Over a period of less than three weeks, more than 100 endangered sea turtles washed up dead on an 18-mile (30 kilometers) stretch of beach on the Pacific coast of Mexico near Guatemala, and authorities aren't sure why.
The mass mortality event began on July 24, when 26 dead turtles were discovered in the small tourist beach town of Puerto Arista in the state of Chiapas, Mexico's Federal Attorney for Environmental Protection (PROFEPA) reported. In the following days, officials recorded dozens more dead sea turtles in the area.
On Saturday (Aug. 18), PROFEPA reported that by Aug. 13, the number of dead turtles totaled 102 olive ridley sea turtles (Lepidochelys olivacea), six hawksbill sea turtles (Eretmochelys imbricate) and five Pacific black sea turtles (Chelonia mydas agassizii). All three species are classified by the Mexican government as critically endangered, PROFEPA reported. [In Photos: Tagging Baby Sea Turtles]
The dead turtles were all adults, including both males and females, and in various stages of decomposition. PROFEPA is performing necropsies on a few of the specimens and collecting tissue samples to help determine the cause of the deaths.
Wildlife experts suspect that some of the turtles died from interactions with fisheries operations in the area. Several of the turtles found on July 24 had injuries that appeared to come from a hooks or fishing nets, PROFEPA reported.
The coastal waters off Puerto Arista are part of a protected marine sanctuary, but sea turtles in the area are occasionally caught in legal fishing nets and drown. On Aug. 2, authorities met with fishers in the region and urged them to practice responsible fishing techniques that ensure protection of the endangered sea turtles, PROFEPA reported.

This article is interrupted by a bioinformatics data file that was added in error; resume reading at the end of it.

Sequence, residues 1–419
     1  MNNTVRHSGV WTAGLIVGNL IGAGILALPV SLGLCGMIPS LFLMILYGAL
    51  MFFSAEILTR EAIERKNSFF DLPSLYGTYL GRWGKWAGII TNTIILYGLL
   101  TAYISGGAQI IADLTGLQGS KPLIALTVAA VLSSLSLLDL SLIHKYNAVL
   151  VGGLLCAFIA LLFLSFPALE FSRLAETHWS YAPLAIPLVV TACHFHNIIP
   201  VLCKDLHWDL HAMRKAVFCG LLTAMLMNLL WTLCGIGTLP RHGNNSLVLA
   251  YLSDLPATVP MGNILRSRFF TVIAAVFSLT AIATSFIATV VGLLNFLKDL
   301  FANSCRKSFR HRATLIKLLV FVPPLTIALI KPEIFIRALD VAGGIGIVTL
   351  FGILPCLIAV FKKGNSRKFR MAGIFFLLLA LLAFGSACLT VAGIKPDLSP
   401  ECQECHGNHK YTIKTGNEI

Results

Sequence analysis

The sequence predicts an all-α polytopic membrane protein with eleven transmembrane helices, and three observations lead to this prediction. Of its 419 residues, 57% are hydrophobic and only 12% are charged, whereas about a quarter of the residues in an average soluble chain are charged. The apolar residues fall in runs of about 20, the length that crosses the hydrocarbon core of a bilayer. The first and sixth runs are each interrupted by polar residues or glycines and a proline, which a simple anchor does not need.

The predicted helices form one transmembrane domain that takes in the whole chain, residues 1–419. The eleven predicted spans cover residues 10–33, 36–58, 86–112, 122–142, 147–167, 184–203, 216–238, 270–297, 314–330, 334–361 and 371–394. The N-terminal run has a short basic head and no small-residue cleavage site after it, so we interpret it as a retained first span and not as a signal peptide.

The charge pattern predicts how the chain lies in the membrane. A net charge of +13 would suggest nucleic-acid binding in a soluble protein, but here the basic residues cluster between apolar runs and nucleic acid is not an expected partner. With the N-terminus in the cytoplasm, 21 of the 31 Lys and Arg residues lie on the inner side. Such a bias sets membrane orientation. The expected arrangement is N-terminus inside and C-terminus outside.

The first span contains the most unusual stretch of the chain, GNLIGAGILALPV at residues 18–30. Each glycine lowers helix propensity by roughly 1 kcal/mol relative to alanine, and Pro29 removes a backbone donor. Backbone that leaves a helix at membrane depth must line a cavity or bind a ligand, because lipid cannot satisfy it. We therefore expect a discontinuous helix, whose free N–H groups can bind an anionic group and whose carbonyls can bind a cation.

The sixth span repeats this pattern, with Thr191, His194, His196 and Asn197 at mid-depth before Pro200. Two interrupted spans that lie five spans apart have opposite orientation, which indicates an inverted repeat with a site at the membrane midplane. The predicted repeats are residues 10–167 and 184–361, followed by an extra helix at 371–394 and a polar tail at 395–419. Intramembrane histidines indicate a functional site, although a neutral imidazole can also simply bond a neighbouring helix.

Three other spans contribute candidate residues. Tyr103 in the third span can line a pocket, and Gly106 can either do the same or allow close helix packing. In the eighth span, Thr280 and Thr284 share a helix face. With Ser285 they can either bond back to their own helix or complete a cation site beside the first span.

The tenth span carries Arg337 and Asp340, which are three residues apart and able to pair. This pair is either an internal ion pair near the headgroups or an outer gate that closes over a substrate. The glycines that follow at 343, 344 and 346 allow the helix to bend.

Authorities have also collected water samples in the area to test for the presence of harmful toxins from algae. On the Gulf Coast of Florida, a harmful algal bloom called a red tide has been responsible for the deaths of hundreds of fish, marine mammals and sea turtles. A similar algal toxin could be killing the sea turtles off the Pacific coast of Mexico, but authorities are still investigating, PROFEPA reported.
Original article on Live Science.
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Kimberly has a bachelor's degree in marine biology from Texas A&M University, a master's degree in biology from Southeastern Louisiana University and a graduate certificate in science communication from the University of California, Santa Cruz. She is a former reference editor for Live Science and Space.com. Her work has appeared in Inside Science, News from Science, the San Jose Mercury and others. Her favorite stories include those about animals and obscurities. A Texas native, Kim now lives in a California redwood forest.